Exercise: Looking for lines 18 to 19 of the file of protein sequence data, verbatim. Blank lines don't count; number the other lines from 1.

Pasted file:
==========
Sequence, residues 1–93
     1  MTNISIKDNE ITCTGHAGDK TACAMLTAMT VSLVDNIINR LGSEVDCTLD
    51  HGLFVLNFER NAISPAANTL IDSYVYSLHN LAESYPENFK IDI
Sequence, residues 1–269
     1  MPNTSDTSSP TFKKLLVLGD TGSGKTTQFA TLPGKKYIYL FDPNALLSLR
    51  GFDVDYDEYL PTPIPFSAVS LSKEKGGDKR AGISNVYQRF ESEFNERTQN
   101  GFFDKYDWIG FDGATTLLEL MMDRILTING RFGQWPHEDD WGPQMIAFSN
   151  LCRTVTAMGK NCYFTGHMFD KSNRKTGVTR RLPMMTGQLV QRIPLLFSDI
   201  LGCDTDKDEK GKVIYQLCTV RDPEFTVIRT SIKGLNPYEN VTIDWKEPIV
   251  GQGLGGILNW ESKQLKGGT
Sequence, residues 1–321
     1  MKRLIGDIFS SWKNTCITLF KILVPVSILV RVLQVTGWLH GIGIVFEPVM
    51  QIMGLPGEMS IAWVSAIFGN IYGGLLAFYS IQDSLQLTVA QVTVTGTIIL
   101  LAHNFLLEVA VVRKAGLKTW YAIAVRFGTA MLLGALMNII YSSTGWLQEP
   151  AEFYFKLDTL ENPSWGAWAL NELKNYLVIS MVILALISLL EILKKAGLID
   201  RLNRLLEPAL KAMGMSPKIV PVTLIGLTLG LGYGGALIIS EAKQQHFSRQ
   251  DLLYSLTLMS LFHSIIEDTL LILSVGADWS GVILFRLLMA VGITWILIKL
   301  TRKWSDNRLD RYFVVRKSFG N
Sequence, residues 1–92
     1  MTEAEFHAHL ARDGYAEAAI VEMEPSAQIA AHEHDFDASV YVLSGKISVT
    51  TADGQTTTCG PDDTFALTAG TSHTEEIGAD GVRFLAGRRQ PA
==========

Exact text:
   301  TRKWSDNRLD RYFVVRKSFG N
Sequence, residues 1–92